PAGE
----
For over a year Southern Sector Rising has been lobbying the City Council for the restoration of the Dallas Environmental Health Commission. With the adoption of the City’s Climate Plan, the Council has a chance to do that next Wednesday , May 27th. But they must hear from you.
Opposition is coming from management in the Office of Environmental Quality and Sustainability who don’t want the word “health” used for this new body. Why? Because this is the same city staff who doesn’t want to responsibility of telling citizens they have bad air or are living too close to industry. Houston has a staff toxicologist advising City Hall. Dallas has a lawyer.
This is why residents must have the Dallas Environmental Health Commission. It serves as a citizen-friendly forum for putting environmental health issues on the official City Hall radar and generates important new public policy proposals. Every Council Member would appoint a member and various experts would serve as advisors. It would instantly elevate the status of Environmental Health at Dallas City Hall.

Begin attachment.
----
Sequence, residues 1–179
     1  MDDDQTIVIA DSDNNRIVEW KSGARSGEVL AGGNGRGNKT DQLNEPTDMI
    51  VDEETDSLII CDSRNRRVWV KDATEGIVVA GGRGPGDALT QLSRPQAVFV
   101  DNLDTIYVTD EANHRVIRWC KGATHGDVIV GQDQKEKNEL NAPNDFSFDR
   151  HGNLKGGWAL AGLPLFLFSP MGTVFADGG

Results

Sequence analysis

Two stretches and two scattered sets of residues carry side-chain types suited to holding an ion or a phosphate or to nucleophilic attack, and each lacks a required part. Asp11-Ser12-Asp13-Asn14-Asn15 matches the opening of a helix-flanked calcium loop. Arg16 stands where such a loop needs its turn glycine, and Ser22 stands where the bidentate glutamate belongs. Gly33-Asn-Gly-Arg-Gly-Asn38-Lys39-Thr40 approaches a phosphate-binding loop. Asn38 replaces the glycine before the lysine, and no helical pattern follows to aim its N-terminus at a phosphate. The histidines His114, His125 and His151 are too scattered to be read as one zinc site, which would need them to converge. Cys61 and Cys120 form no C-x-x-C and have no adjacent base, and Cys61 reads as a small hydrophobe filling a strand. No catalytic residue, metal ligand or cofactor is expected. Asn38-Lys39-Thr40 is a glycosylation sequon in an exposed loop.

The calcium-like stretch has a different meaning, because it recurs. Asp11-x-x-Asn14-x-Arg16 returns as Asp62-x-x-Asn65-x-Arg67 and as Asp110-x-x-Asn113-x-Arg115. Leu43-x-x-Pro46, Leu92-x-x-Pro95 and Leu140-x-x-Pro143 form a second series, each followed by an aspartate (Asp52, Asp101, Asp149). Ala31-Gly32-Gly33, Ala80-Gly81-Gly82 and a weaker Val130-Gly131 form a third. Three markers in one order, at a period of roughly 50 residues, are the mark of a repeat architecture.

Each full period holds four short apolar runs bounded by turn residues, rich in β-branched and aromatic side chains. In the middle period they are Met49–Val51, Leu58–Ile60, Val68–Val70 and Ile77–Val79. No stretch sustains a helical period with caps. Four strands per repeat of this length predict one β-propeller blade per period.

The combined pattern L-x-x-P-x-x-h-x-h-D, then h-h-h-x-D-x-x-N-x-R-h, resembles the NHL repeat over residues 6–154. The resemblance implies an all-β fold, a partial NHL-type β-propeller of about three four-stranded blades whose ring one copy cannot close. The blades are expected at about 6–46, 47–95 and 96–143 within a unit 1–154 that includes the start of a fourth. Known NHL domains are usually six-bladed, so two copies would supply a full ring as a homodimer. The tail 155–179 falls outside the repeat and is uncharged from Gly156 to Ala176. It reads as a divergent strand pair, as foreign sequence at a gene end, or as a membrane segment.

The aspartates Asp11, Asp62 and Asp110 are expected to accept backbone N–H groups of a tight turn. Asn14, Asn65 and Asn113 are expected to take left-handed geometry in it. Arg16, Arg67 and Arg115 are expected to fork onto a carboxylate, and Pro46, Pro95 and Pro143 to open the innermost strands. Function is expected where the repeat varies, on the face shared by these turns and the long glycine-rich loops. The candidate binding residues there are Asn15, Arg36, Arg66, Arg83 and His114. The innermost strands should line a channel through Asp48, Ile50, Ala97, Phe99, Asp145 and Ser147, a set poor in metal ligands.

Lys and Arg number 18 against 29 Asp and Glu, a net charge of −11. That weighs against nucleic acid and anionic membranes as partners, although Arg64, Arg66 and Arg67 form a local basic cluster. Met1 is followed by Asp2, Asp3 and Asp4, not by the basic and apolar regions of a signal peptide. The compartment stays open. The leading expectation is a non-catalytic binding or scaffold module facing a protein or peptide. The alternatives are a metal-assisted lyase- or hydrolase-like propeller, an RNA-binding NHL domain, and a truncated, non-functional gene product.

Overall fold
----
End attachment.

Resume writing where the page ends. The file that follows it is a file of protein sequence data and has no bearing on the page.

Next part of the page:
You can help make this happen by sending a quick “ClickNSend” email to Mayor Johnson and the City Council urging them to vote for a new Dallas Environmental Health Commission. You can add your own comments as well. It takes all of 30 to 60 seconds, and it could mean the difference between Dallas and the next Shingle Mountain.
HERE’S THE LINK TO SEND YOUR EMAIL TO THE MAYOR AND COUNCIL https://www.downwindersatrisk.org/featured-citizen-action/